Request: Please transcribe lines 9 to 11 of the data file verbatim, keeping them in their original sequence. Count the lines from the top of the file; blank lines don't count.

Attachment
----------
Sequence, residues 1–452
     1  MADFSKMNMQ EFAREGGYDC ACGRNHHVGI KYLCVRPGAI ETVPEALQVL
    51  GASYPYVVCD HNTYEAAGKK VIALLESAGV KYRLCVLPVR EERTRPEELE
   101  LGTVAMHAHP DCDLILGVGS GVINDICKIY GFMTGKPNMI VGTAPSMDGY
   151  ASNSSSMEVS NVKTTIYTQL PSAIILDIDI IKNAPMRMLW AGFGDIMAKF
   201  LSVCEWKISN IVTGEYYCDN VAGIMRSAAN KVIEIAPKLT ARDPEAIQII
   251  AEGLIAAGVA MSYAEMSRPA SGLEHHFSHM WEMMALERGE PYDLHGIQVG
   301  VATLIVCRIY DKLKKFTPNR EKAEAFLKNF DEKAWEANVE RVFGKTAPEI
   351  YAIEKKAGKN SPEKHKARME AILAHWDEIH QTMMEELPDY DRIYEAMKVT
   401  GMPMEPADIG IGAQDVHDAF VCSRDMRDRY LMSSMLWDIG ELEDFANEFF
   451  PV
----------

   351  YAIEKKAGKN SPEKHKARME AILAHWDEIH QTMMEELPDY DRIYEAMKVT
   401  GMPMEPADIG IGAQDVHDAF VCSRDMRDRY LMSSMLWDIG ELEDFANEFF
   451  PV